I have to join the chorus vying for Islesford, but with one weird question that will illustrate my OCD perfectly: is the limestone cap on the chimneys as shown in earlier photographs missing? I spent a lot of time looking over contemporary images of the museum and the chimneys definitely look different, and in fact I'm not sure they are a true pair any more. The right chimney appearing to be 1 or 2 coursings shorter than the left. I don't believe it's the light in the images -- I counted the coursings where I could. Unacceptable. What next? With a design this austere, the devil is in the details -- everything must be maintained to the highest degree or it loses a lot of its potency; not exactly forgiving architecture. I'd still claim Islesford as mine, though.

Pantry Doors said...

Just stumbled upon your blog, and your site is such a great source for renovation and housing design.

The Down East Dilettante said...

Nick Heywood,

You almost triggered my OCD with your comment---I was facing many sleepless nights over those chimneys once you pointed out the discrepancy, but rest easy---there is no lost granite or limestone coping on the ceilings---what you are seeing---and it took considerable enlargement of the photo for me to realize it---is a sheet zinc or tin winter cover placed over the chimney (the building is unused in Winter, and it is often done to keep out rain and birds and drafts.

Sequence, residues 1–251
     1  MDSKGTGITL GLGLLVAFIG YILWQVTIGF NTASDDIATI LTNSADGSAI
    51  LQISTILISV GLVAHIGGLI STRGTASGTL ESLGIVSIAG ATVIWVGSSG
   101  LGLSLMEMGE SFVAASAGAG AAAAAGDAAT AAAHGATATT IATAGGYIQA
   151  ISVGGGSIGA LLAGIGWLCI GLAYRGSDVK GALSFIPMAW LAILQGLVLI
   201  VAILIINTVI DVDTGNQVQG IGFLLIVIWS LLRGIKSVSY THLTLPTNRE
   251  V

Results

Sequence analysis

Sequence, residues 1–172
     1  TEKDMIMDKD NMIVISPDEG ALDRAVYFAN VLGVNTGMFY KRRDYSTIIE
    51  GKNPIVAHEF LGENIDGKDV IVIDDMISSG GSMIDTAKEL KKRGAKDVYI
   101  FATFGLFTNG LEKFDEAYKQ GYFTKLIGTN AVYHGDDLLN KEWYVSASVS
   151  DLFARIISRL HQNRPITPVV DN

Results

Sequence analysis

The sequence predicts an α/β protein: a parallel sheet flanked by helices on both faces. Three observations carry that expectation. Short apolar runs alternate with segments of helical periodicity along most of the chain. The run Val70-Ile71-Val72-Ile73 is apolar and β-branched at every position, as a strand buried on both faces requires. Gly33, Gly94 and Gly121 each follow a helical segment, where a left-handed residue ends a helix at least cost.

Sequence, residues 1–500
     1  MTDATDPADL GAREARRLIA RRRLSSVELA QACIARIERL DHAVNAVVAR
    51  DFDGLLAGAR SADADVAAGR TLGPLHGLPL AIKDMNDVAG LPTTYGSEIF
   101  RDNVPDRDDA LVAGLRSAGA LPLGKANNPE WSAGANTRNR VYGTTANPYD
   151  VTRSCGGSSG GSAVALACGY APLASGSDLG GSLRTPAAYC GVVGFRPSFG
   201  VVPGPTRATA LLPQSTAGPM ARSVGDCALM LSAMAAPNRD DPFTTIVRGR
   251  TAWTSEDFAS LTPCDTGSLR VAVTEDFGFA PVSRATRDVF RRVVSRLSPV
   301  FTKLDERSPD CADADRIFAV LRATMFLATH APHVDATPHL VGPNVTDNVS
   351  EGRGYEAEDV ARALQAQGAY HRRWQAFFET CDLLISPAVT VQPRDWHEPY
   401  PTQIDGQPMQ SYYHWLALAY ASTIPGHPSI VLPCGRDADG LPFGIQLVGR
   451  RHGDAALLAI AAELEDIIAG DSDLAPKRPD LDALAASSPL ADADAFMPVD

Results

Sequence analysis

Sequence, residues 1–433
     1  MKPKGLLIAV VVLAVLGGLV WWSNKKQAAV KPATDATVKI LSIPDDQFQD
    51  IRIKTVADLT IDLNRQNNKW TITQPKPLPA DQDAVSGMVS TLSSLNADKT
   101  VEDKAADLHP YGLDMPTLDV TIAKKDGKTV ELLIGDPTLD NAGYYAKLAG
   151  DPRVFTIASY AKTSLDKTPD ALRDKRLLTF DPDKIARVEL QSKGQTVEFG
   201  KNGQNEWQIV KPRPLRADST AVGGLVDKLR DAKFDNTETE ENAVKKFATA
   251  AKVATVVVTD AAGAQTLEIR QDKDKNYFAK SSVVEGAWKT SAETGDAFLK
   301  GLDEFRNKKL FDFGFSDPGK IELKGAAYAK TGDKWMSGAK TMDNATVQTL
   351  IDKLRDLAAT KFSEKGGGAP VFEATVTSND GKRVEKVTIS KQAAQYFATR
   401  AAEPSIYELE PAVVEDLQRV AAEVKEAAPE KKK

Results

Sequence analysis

But there's still the matter of those not quite matching chimneys...

Jamie Herzlinger said...

Stunning post! Have a great weekend!
Jamie Herzlinger

Donna said...

The Philadelphia-Maine connections are interesting--way down south, our family home in York Harbor was also built as the summer home of a Philadelphia family. For some reason, maybe because I just read an article on them, several of these structures are reminding me of the wooden Russian churches captured by Richard Davies: http://www.nytimes.com/2013/02/21/garden/an-architectural-photographer-on-saving-russias-wooden-churches.html?_r=0

As always, Thank You, DD.

Anonymous said...

Wow! Wow.

I think the asphalt path might be more of a shame than the signs, though. Someone ought to take up a spare pine needle collection, and just cover it up one night . . .

Anonymous said...

Forgot to mention, I agree with Donna! I put a photo of one of those churches on my blog a couple years ago and I thought of it again looking at this this morning!


I also thought of some of the octagonal houses we have in Connecticut, where I grew up:


Anonymous said...

These remind me of one of my favorite houses ever!

Jerome Zerbe's house in Essex Connecticut!
I've only seen a few pictures in "Happy Times"; but just ordered an old book that has 10 pages on it!!

Will share!